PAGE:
Time for my yearly tweet, reminding all that today marks the anniversary of the end of the Tunisian Campaign, a six-month conflict that saw the Axis finally evicted from North Africa, and left the Allies, in Alexander's words 'Masters of the North African shore'.
This remarkable campaign saw many notable achievements, but has been sadly overlooked by Second World War scholars, perhaps to a greater degree now than even Burma and the increasingly recognised 14th 'Forgotten Army'.
Instead, we have something of a gap in the literature, and even more so in the popular consciousness, which sees the gap between El Alamein and Operation Husky contract so as to become something of a flowing narrative - seven months that just seem to fly by for many commentators.
Across the pond, there's a little more consideration to what went on in North Africa after Alamein - after all, it was the first deployment of US troops against German and Italian opponents, and also the location of Kasserine, still a sore point in US military history.
But even these are effectively two 'blips' - Operation Torch, the US entry into the 'European theatre', and Kasserine, a battle that roughly marks the midpoint of the Tunisian Campaign, have more literature surrounding them in isolation than the campaign itself has even enjoyed.
So why is this the case? There are two main reasons I have surmised from researching the topic for my thesis:
1. Legacy, narratives and self-promotion
2. Public interest and Glamour, or lack thereof
The first of these reasons is easiest to surmise, particularly in a context of British historiography - Tunisia does not fit the contemporary narrative, spun by British press and reinforced by commanders such as Alex and Monty, that El Alamein ended the war in North Africa.
For the sake of narcissism and a good mythos, the enduring narrative spun about Tunisia is that it was the end-point of Monty's, and 8th Army's, drive to push the Axis out of Africa. It is effectively a footnote, because to acknowledge much else to is to say Alamein wasn't total.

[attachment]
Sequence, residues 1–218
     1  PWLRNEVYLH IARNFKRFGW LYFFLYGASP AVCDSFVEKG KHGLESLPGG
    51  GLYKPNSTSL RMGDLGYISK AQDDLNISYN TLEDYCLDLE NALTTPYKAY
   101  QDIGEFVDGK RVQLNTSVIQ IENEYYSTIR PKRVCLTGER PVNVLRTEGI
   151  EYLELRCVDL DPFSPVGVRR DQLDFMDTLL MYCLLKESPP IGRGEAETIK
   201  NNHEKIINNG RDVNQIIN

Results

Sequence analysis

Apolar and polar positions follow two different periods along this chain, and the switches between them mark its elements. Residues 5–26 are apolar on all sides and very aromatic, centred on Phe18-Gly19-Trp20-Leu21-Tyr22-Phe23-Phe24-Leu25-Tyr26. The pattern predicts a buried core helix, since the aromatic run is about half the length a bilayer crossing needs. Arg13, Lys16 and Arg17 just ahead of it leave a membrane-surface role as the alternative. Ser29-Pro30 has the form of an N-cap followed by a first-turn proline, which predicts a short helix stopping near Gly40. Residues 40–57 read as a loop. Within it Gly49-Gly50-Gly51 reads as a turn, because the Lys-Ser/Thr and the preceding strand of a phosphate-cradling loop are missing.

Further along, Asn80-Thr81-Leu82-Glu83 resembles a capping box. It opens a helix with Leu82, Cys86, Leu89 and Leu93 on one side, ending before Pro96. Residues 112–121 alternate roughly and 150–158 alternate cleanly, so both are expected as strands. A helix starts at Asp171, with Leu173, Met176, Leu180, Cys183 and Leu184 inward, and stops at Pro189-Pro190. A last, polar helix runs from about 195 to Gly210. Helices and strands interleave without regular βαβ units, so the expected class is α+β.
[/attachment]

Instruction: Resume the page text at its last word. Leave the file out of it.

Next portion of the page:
Monty in particular was keen to uphold this, which you can see in his memoirs, which barely acknowledge that another British army was active in North Africa at the time. When he has to, at the end, he even claims the credit for 8th Army because they loaned divisions to 1st Army.
In letters to Brooke, and between Alex and Monty, there is almost this cliquey, high school-esque parochialism to their tone, that goes virtually into the realm of libel in terms of how they refer to 1st Army commander Kenneth Anderson.
And to many historians writing briefly about Tunisia, their version of events is how the campaign played out, because there are no heavily publicised sources to contradict them - Kenneth Anderson left no memoirs, little correspondence, only a detailed, neutral dispatch.
But going to the other end of the scale, Tunisia isn't popular because it lacks glamour - in a sense it is embarrassing to American authors because of the defeats suffered by US II Corps, particularly Kasserine, even though they showed great quality and improvement.
And for British forces, it has little to compare to the sweeping moves and aesthetic of the desert campaign, only mud, rain, and a great number of desultory, brutal in-fights and actions on top of peaks and in deep valleys. No Alamein or Compass here.
In some senses the lack of coverage is a self-fulfilling prophecy - a less well-trodden source base (for those attempting something original at least), a distinctly limited secondary material repository, and no public interest to really drive commercial interest.
What attempts have been made to rectify this lack in recent years have somewhat disappointed as well - The Bloody Road to Tunis, Exit Rommel - most of them just regurgitate the same narratives, when books written half a century ago demonstrate far greater perceptiveness.
One exception I will add however is Ian Mitchell's Battle of the Peaks, which though I have not fully grappled with yet, is so far detailed, thorough and interesting, focusing on the battles around Longstop Hill that bedevilled Allied forces so much.
So with that, I think I'll end this thread here, with just the hubristic note that hopefully some of my research might prove helpful in dispelling some of these narrative myths, and regaining the rightful place in the lexicon of WW2 that 'Tunisgrad' rightfully deserves.
And if anyone wants to ask me any questions, or get me to talk/write about Tunisia, feel free to get in touch! 😆
You can follow @EarlOfTunis.
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